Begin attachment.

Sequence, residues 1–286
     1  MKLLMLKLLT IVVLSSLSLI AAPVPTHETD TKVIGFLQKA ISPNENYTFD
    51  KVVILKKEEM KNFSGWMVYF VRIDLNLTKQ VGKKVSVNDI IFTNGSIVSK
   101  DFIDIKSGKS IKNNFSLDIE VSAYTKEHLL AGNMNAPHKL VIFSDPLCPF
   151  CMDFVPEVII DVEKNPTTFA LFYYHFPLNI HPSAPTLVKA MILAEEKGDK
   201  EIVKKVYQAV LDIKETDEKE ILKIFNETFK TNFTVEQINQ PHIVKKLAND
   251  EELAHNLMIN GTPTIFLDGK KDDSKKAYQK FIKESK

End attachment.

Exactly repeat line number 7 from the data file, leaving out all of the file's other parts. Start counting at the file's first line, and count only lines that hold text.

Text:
   251  EELAHNLMIN GTPTIFLDGK KDDSKKAYQK FIKESK